BlackBerry maker Research In Motion (RIM) has agreed to make a one-time payment as well as ongoing payments to Nokia for a license to the latter's patent portfolio. Since August I had reported on various Nokia v. RIM hearings at the Munich I Regional Court, most of which went pretty well for Nokia, as well as on Nokia's recent arbitration win, which appeared to entitle Nokia to sales bans against RIM's WiFi-implementing products due to the terms of an earlier license agreement that was up for renewal.
The announcement is unambiguous that money is flowing from Canada to Finland, and only in that direction. Once again, Nokia emerges the definitive winner of a patent dispute, as it did against Apple in June 2011.
The agreement apparently covers standard-essential patents (SEPs) as well as certain non-standard-essential ones. In the SEP context, there was no indication of a licensing issue with cellular patents, only about WiFi (WLAN) due to expiration of a related agreement. Now that Nokia and RIM have a new deal in place, all of the pending litigations (the ones to enforce the WiFi SEP-related arbitration ruling as well as various infringement actions over non-SEPs) will be withdrawn immediately.
When Nokia filed its infringement actions against RIM in May 2012, it also sued HTC and ViewSonic. I have also reported on some of the related hearings and trials, including a Mannheim trial that took place a week ago over a patent assertion against the Google Play app and content store. The fact that RIM has settled increases the likelihood of HTC and ViewSonic also opting to respect Nokia's intellectual property. Actually, HTC and Nokia can work together quite well when they want to: they have been closely coordinating for some time their defense against patent monetizer IPCom.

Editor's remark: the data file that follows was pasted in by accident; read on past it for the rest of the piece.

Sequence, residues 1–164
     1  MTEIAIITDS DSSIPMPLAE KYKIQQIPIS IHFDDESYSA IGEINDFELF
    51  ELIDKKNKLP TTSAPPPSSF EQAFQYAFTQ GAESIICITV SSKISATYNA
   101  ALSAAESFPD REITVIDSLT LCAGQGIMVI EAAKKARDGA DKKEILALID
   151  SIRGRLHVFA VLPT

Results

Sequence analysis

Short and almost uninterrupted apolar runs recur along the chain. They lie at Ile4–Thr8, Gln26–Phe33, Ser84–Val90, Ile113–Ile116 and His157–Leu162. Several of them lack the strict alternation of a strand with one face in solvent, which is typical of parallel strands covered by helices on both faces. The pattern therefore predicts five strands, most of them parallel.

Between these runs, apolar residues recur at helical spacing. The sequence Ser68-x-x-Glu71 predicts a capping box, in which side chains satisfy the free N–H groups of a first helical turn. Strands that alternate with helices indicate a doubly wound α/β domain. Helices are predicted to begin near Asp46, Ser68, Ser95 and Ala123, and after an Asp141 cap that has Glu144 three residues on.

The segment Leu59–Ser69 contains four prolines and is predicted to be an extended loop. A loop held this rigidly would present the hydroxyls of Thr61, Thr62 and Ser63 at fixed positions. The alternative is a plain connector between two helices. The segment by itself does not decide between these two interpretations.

Presumably, Nokia is interested in license deals with the wider Android ecosystem, but HTC and ViewSonic are the first two Android device makers Nokia has sued, so once one or both of those companies sign up, Nokia will be able to accelerate its licensing program. I'm also wondering whether ASUS has meanwhile taken a license to Nokia's patents, at least to Nokia's SEPs. Six months ago it became known that the Nexus 7 tablet, which ASUS builds for Google, may infringe Nokia IP. License deals aren't always announced, so maybe Nokia and ASUS have reached an agreement without making any noise about it.
Android device makers have already taken at least 17 royalty-bearing licenses to third-party patents (16 companies licensed from Microsoft, and HTC's deal with Apple). Nokia is also going to sign many such agreements. And even though RIM lost the fight with Nokia, it might increasingly look to assert its own patent portfolio against Android device makers with weaker portfolios. RIM definitely needs the money and large shareholders probably pressure management to monetize its patent portfolio. By collecting royalties from even weaker rivals, RIM could refinance some if not all of the costs of the Nokia deal.
Google clearly takes Nokia's patents very seriously. It is an intervenor in the ITC investigation of Nokia's complaint against HTC, and in at least four German Nokia lawsuits (over Google Play and Google Talk), and Google's director of litigation personally flew to Germany to attend a couple of court hearings and a trial.
With RIM having chosen licensing over litigation, it's up to HTC, ViewSonic and other Android device makers to follow suit. Nokia's royalty demands are apparently quite reasonable. Otherwise it wouldn't have done dozens of deals, including the settlements with Apple and RIM.
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